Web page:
Advertisement

Gentle giant: Former NFL player Mike Frederick coaches Cape Henlopen into Class 3A final

GEORGETOWN – Mike Frederick bear-hugged three of his players in rapid succession, watched the others run toward him while jumping around, then waited a couple of beats for things to temporarily calm down.

Then he stepped forward, looked into the eyes of dozens of kneeling Cape Henlopen Vikings and roared, “YOU DID IT!”

Rarely had a visiting team been so happy in a postgame meeting at Sussex Central High School, where Cape had just stunned the Golden Knights 46-14 in the semifinals of the DIAA Class 3A football playoffs last Friday night.

The Vikings were just 17 miles away from their home campus in Lewes. But they had come a long way in a short time.

Cape Henlopen coach Mike Frederick, a former NFL defensive end, celebrates a touchdown with his team in the season opener Aug. 31 against Red Lion Christian. The Vikings have reached the championship game of the DIAA Class 3A playoffs and will meet Salesianum at 7 p.m. Friday at Delaware Stadium.
Cape Henlopen coach Mike Frederick, a former NFL defensive end, celebrates a touchdown with his team in the season opener Aug. 31 against Red Lion Christian. The Vikings have reached the championship game of the DIAA Class 3A playoffs and will meet Salesianum at 7 p.m. Friday at Delaware Stadium.

Now, a longer trip remains to clear the final hurdle. Cape Henlopen will meet top-seeded Salesianum in the Class 3A championship game at 7 p.m. Friday at Delaware Stadium.

In just his second season, Frederick has coached the Vikings into the school’s first football state title game since 1984. But the gentle giant, who played five seasons in the NFL, takes none of the credit.

“If nobody knows who the head coach is, that’s great,” he said after the semifinal stunner. “These kids get one shot at it, and they should be celebrated. My staff should be celebrated, because they’re phenomenal. I’m just kind of along for the ride.”

‘He’s like a father to us’

The Vikings’ ride has been longer than anybody could have expected. Frederick’s unconventional approach has created a tight-knit team that is peaking at the perfect time.

“He’s made us like a big family,” said senior running back-linebacker Maurki James, who rushed for 180 yards and scored five touchdowns in the semifinals. “He pushes us to our hardest. Even when we’re down, he’s always there for us.

“He’s like a father to us, honestly.”

Cape Henlopen's Maurki James (7) breaks through the defensive for his first of five touchdowns in a 46-14 win over Sussex Central last Friday in the semifinals of the DIAA Class 3A football playoffs.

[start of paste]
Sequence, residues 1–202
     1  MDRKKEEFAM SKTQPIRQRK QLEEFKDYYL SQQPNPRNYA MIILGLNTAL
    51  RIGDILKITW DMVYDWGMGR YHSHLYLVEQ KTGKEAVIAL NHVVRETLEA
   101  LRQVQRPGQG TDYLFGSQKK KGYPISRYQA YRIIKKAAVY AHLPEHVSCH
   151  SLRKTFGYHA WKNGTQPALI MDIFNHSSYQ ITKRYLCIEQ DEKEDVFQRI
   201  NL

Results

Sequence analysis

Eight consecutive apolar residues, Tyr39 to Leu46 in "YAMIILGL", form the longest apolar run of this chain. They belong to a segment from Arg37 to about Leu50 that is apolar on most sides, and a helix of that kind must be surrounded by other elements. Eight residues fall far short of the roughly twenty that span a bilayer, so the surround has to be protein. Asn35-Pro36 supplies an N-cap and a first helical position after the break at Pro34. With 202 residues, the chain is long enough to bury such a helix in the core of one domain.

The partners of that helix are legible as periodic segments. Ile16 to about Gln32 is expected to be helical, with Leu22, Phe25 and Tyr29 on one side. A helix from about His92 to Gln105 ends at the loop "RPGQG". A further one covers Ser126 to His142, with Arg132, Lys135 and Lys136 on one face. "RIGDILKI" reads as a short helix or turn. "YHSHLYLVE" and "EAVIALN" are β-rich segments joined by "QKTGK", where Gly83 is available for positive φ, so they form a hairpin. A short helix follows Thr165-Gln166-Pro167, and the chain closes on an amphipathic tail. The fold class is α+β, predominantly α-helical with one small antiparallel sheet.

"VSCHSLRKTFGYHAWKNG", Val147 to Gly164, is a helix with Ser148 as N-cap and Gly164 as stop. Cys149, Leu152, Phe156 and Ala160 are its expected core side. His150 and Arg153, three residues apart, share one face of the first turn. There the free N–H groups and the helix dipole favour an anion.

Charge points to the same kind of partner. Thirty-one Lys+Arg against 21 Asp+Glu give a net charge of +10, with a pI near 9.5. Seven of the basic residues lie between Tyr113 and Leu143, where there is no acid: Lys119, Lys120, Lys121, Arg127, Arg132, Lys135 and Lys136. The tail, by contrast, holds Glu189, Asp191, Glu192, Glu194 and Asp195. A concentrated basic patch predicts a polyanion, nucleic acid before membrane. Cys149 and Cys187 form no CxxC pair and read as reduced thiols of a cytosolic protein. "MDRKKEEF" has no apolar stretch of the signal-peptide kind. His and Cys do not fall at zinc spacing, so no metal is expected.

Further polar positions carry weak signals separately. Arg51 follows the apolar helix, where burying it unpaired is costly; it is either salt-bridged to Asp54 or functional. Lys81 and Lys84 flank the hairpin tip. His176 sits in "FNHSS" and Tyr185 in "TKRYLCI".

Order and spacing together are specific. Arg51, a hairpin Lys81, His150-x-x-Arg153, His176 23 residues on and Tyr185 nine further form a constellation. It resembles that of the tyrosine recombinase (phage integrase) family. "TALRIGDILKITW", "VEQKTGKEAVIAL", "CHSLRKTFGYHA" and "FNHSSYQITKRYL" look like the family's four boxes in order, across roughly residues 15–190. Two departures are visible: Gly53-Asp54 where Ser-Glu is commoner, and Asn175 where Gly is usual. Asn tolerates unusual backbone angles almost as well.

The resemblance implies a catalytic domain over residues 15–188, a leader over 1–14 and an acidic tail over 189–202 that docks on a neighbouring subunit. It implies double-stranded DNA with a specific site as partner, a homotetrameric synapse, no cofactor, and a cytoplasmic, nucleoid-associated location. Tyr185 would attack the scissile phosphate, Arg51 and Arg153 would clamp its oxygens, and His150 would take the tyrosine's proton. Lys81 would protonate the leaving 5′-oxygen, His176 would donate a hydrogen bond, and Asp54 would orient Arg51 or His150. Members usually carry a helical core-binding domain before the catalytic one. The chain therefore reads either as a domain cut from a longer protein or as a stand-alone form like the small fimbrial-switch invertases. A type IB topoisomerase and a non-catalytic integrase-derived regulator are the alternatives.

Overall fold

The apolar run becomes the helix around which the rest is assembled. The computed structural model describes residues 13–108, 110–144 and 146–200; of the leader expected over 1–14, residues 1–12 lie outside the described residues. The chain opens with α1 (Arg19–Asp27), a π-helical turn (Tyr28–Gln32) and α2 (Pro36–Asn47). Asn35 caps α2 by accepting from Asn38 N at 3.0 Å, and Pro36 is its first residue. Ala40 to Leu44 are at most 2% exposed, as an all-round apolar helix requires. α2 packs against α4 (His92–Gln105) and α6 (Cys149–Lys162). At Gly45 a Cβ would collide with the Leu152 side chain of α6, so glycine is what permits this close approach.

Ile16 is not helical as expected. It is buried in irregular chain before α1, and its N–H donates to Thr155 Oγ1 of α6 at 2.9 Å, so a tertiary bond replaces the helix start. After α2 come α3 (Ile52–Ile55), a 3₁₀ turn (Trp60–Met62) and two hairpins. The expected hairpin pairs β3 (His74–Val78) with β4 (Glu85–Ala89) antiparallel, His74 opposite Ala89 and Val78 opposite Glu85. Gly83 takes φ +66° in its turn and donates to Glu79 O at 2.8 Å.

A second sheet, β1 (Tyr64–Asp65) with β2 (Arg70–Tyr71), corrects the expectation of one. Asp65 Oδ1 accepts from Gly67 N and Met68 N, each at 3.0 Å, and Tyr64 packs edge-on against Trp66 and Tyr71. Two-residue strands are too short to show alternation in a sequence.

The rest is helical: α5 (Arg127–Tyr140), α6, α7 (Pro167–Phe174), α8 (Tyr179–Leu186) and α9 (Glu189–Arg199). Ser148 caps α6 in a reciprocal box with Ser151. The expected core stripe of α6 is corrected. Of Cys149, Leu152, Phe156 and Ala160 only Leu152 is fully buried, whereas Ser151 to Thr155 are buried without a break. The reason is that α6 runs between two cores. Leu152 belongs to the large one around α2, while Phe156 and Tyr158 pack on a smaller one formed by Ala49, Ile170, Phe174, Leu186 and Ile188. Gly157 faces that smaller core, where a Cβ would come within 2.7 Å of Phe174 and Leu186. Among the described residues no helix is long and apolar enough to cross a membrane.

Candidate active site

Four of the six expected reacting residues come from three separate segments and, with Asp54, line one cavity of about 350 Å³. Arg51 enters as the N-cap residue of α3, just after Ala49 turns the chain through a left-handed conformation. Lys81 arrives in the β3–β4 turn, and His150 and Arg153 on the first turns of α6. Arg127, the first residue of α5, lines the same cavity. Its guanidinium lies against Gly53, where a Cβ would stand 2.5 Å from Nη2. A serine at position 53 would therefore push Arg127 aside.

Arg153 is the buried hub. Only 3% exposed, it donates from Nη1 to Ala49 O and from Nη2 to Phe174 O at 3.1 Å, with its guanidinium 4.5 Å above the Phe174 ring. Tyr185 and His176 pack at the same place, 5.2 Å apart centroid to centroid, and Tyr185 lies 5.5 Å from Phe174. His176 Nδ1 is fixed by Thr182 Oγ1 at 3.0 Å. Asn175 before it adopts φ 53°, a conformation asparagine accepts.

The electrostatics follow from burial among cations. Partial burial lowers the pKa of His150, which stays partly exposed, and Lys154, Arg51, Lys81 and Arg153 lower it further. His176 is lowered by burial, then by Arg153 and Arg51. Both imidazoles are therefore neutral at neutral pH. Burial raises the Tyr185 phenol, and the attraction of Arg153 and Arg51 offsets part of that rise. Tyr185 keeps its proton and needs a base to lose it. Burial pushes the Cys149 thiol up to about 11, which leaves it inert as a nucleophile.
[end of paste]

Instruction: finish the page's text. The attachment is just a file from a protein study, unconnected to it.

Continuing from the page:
Cape Henlopen's Maurki James (7) breaks through the defensive for his first of five touchdowns in a 46-14 win over Sussex Central last Friday in the semifinals of the DIAA Class 3A football playoffs.

Frederick started every game over four years as a 6-foot-5, 280-pound defensive end at the University of Virginia.

He then became a third-round draft pick (94th overall) of the Browns in 1995 and played one season in Cleveland, three in Baltimore and one in Tennessee.

HIT THE BUTTON All-football edition: Cast a free vote for Fall Week 12 Delaware Online Athlete of the Week

The final year was memorable, as the Titans reached Super Bowl XXXIV before losing 23-16 to the St. Louis Rams.

Frederick signed with the Eagles for the 2000 season, but was among the final cuts in training camp. So he went back to school, earning a Master’s degree in Business Administration at North Carolina.

He also got into coaching in the following years at two high schools in Pennsylvania – Neshaminy (his alma mater) and Owen J. Roberts.

Moving to Cape

Frederick was serving as a director at SEI Private Wealth Management when the Cape Henlopen coaching job came open two years ago. He was intrigued, because a big part of his extended family had lived in Lewes for years.

The 51-year-old was named the Vikings’ coach on April 28, 2022, taking over a team that finished 1-10 the previous year and had gone through four losing seasons in the previous five.

“I don’t know what happened before I got here, and if it wasn’t helpful to us heading forward, then I didn’t even want to know about it,” Frederick said. “We kind of wiped the slate clean and said, ‘Here’s how we’re going to do things.’”

Cape Henlopen coach Mike Frederick (left) greets Salesianum coach Bill DiNardo after a 28-21 Sallies victory on Sept. 1, 2022. It was Frederick's first game as head coach of the Vikings, who will meet the Sals again more than a year later - in the DIAA Class 3A championship game at 7 p.m. Friday at Delaware Stadium.
Cape Henlopen coach Mike Frederick (left) greets Salesianum coach Bill DiNardo after a 28-21 Sallies victory on Sept. 1, 2022. It was Frederick's first game as head coach of the Vikings, who will meet the Sals again more than a year later - in the DIAA Class 3A championship game at 7 p.m. Friday at Delaware Stadium.